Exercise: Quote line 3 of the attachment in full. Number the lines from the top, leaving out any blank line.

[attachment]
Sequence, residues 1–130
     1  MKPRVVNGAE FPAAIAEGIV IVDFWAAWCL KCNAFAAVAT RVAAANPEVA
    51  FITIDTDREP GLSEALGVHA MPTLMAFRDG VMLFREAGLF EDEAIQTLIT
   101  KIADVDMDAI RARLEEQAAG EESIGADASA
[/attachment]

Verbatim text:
    51  FITIDTDREP GLSEALGVHA MPTLMAFRDG VMLFREAGLF EDEAIQTLIT